Balancing motherhood and work in the formal sector in Ghana: a qualitative study of women who work, and women who gave up their career
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- Master theses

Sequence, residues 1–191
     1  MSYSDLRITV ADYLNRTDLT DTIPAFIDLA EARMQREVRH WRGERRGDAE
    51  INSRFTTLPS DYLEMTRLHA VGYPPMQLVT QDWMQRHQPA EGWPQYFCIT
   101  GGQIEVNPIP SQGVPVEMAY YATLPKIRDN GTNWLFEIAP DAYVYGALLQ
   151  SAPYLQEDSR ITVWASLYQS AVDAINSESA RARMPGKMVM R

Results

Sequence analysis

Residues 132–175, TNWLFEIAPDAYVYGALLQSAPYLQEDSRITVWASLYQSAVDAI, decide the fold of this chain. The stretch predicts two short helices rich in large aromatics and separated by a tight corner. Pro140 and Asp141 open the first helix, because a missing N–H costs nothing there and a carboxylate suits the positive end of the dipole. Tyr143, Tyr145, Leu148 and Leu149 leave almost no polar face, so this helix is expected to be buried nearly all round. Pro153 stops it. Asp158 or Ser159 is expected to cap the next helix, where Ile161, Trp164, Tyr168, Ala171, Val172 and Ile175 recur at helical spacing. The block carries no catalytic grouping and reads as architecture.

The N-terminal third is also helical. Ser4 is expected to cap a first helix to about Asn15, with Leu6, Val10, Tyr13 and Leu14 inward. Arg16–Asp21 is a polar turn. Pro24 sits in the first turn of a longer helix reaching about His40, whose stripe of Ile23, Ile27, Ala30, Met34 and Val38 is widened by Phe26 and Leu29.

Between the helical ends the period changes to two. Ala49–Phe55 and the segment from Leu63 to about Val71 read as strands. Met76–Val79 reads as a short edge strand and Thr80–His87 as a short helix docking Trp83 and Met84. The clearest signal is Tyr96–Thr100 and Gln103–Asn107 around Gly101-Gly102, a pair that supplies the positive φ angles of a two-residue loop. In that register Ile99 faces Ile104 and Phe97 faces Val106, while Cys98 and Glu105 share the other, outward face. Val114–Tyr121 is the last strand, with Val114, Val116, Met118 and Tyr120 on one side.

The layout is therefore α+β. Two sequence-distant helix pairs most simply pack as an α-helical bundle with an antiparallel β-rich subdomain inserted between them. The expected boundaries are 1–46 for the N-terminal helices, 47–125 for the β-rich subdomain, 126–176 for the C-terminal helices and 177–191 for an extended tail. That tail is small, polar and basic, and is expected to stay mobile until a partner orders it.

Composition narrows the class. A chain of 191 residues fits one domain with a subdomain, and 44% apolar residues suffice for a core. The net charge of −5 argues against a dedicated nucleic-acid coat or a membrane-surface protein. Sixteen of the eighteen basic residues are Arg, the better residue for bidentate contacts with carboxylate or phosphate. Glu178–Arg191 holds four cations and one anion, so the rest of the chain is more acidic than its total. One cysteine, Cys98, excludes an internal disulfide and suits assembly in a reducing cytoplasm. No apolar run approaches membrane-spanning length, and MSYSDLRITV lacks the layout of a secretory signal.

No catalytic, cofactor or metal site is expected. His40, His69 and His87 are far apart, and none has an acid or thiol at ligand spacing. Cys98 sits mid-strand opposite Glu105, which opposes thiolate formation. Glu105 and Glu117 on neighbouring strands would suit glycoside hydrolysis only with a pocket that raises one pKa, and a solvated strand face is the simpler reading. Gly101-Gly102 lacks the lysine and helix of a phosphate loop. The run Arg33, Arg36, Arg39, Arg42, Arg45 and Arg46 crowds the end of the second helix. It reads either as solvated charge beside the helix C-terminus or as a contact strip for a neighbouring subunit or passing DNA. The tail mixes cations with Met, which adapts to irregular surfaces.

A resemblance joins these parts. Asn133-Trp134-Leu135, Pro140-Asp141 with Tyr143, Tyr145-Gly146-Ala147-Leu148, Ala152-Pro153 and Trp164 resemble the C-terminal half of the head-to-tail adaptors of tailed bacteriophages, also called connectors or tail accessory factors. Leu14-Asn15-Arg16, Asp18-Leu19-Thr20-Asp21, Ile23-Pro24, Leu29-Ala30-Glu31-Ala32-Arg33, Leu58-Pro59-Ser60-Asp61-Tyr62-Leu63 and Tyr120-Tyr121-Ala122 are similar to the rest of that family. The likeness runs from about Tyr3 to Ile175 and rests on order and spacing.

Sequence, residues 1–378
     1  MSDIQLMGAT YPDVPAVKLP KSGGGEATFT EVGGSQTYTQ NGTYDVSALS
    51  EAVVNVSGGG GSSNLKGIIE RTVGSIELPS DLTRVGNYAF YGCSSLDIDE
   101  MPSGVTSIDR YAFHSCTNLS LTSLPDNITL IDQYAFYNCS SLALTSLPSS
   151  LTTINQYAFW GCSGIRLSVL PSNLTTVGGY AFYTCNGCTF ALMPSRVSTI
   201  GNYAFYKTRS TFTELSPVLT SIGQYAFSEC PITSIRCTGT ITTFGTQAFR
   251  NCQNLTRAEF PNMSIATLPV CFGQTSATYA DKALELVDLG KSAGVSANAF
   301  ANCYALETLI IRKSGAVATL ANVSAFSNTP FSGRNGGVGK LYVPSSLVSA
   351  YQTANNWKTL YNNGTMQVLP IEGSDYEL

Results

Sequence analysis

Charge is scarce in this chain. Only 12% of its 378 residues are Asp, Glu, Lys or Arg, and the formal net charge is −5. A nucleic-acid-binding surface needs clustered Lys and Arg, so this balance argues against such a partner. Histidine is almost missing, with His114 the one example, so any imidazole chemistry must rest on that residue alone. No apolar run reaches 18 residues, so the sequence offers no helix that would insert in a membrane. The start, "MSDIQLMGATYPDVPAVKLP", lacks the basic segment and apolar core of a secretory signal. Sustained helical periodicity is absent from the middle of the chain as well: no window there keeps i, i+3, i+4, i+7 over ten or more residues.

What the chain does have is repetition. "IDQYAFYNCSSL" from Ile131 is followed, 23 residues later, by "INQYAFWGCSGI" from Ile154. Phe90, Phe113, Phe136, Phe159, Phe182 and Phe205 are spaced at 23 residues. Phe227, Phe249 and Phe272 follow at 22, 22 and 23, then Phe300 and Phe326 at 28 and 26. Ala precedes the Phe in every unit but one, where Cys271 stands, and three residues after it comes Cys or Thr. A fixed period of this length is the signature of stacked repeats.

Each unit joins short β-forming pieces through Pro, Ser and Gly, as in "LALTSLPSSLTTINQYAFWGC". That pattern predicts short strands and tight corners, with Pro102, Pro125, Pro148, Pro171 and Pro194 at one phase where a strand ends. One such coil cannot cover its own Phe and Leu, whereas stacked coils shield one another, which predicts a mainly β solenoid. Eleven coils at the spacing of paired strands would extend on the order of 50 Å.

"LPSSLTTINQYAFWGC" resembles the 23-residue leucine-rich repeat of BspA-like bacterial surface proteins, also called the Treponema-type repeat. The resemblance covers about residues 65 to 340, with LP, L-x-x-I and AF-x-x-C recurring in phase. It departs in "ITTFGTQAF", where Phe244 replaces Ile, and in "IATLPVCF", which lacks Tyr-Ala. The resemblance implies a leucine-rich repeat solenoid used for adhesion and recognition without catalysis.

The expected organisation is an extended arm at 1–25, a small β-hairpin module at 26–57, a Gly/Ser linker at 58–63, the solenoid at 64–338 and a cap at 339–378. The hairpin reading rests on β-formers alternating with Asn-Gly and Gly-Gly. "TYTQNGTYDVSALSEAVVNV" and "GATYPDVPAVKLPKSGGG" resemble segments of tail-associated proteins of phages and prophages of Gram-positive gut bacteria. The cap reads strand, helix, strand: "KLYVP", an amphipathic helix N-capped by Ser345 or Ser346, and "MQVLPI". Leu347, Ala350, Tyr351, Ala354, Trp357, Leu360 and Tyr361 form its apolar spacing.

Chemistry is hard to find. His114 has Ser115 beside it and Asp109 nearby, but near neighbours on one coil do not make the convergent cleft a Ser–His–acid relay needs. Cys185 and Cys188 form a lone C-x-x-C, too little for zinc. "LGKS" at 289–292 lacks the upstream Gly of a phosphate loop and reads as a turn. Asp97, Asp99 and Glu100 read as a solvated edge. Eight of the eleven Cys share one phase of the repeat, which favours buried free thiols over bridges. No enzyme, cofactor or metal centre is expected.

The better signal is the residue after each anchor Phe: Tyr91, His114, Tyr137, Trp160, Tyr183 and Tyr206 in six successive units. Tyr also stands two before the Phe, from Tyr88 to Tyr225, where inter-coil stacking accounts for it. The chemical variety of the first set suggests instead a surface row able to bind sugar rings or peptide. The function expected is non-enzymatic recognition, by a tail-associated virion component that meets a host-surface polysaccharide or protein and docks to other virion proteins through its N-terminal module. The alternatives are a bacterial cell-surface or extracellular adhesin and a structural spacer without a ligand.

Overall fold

Responsibilities of motherhood and climbing the career development ladder can be hectic because it entails a wide range of duties, including attending meetings, supervising children’s assignments, sending and picking children to and from school, among others. Since childbearing is of extreme importance in the Ghanaian society, some mothers are left with no choice than to sacrifice their careers. Well- educated women who have risen high on career ladders are confronted with gender- role conflict, causing some to quit or consider quitting their jobs. The intersection between motherhood and career conflicts is largely explored especially in literature on Western societies, however, the benefits women derive from playing both roles still remain scantly mapped, especially in sub- Saharan Africa. The main purpose of this study is to examine how Ghanaian women balance work in the formal sector and motherhood. Six dominant themes emerged from the analysis including motivating factors, coping mechanisms, social support and the conduciveness of organizational and governmental policies. This phenomenological study interviewed seven women- five working mothers and two mothers who quit their jobs in the formal sector. Using snowballing, respondents were selected from similar socio-economic backgrounds in Accra. The results showed that working mothers experienced some form of stress in integrating work and family roles, however, there were great satisfaction and fulfillment in being able to balance both roles. Their major challenge was the insufficient time they had with their children because of work and vice versa. Respondents suggested that the formal working environment, existing organizational and governmental policies needed amendments since they were not conducive for mothers. A major recommendation was to adopt family-friendly policies such as the establishment of baby nurseries and learning centers at the workplace, where children could be, during school vacations. The findings of this study are important to help promote gender equality and make it easier for women to combine motherhood and formal work.